Just when CAFE loosened standards and lowered from 56.5 MPG to 54 MPG by 2025, the California Air Resources Board (CARB) has decided to propose new and more stringent conditions for automakers that sell cars in California. The California Air Resources Board will not only enforce CAFE, but will also require at least 15.4 percent of all cars sold by any major automaker in the state to either be fully electric, plug-in hybrid, or hydrogen fuel cell by 2025.
Mary Nichols, chair of the California Air Resources Board, observes 15.4 percent as, “a relatively modest goal, but that’s all that we’re mandating. Probably the most heartening aspect of this whole rulemaking was the level of cooperation that we received from the industry… Overall, the degree of support for the package was just extraordinary.”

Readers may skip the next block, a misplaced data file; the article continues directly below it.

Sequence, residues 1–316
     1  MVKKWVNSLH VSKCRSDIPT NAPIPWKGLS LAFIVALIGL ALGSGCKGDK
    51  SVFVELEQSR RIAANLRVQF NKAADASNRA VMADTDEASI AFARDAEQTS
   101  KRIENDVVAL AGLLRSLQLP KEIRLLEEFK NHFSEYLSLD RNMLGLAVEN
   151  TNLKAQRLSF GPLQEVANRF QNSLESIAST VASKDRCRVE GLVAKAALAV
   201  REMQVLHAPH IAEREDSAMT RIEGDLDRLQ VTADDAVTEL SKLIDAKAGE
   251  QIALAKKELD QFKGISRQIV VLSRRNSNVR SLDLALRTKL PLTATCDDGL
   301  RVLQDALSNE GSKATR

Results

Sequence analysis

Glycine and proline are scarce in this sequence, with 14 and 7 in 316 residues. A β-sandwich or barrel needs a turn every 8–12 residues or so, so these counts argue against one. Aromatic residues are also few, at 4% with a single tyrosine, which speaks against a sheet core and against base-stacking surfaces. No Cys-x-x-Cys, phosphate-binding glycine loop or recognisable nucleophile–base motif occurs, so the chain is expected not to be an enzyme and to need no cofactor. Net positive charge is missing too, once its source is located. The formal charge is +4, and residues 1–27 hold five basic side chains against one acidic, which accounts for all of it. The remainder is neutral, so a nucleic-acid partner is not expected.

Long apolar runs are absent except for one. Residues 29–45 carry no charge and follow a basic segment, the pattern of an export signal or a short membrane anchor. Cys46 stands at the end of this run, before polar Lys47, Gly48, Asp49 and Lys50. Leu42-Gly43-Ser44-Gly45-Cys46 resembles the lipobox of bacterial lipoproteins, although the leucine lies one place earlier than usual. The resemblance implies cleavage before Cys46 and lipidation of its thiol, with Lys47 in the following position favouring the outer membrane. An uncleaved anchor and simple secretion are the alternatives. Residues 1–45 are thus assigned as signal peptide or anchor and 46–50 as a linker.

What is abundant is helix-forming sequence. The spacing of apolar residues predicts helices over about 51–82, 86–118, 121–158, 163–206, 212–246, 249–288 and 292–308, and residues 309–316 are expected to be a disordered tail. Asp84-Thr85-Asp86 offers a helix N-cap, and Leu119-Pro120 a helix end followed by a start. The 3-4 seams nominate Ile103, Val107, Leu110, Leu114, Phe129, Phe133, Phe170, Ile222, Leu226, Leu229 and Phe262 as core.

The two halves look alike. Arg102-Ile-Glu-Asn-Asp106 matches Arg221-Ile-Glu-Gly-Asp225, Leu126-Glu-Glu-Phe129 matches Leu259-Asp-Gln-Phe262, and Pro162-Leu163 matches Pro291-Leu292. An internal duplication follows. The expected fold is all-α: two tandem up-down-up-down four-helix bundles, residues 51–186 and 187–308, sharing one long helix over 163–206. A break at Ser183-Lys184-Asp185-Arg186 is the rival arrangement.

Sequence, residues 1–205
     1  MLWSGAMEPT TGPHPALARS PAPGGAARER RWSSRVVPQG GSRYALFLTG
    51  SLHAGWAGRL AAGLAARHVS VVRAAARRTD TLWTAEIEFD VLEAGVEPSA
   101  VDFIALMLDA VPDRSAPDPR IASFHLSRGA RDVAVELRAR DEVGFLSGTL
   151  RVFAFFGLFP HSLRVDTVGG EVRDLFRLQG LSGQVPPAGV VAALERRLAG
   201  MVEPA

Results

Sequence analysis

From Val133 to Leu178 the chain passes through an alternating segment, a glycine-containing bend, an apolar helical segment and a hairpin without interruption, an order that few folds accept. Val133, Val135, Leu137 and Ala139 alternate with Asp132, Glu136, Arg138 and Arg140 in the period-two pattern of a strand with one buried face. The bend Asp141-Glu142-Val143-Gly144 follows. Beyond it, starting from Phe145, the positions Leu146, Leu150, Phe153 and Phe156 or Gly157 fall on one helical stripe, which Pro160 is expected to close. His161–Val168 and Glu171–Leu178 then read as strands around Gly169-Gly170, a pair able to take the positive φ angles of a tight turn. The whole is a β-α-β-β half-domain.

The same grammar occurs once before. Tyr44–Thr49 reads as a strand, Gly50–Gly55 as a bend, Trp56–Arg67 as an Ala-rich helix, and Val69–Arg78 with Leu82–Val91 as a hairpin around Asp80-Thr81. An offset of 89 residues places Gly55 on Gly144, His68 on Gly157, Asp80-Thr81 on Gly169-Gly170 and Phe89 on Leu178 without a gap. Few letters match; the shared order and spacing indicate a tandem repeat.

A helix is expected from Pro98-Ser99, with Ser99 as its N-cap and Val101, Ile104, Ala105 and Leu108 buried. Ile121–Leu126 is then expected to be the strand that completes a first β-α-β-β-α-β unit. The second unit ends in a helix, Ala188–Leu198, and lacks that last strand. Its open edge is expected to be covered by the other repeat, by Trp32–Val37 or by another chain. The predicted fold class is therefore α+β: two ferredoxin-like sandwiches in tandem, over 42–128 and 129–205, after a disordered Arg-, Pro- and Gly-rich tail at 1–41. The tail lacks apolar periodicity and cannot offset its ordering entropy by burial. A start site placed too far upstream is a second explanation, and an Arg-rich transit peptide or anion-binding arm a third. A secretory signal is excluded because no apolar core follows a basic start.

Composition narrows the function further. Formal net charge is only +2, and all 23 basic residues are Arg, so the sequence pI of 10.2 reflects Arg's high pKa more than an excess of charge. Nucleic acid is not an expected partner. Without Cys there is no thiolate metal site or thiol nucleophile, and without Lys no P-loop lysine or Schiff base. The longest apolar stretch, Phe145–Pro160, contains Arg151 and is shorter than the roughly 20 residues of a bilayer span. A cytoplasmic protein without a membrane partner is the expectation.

It is worth noting that earlier this month, researcher LMC Automotive discovered that hybrid sales in the United States have decreased in 2011 to 2.2 percent compared to 2.4 percent of all vehicle sales in 2010. These numbers are far below the proposed 15.4 percent mandate. Despite high profile unveilings of gas-electric products at auto shows across the world, consumers find the cost premium of owning a hybrid over conventional combustion engine vehicles too expensive.
According to the California New Car Dealers Association, this plan would cause automakers to increase the average price of a new vehicle by an estimated $3,200 in order to develop technology that will accommodate the new rules. Appropriately, Mary Nichols also said, “direct incentives to people who buy these cars (like) rebates and credits” are also being worked out.
California’s new regulation will likely be adopted by an additional 10 states, resulting to the projected total number of advanced green vehicles near three million total units by 2025, 1.4 million of which would be in California.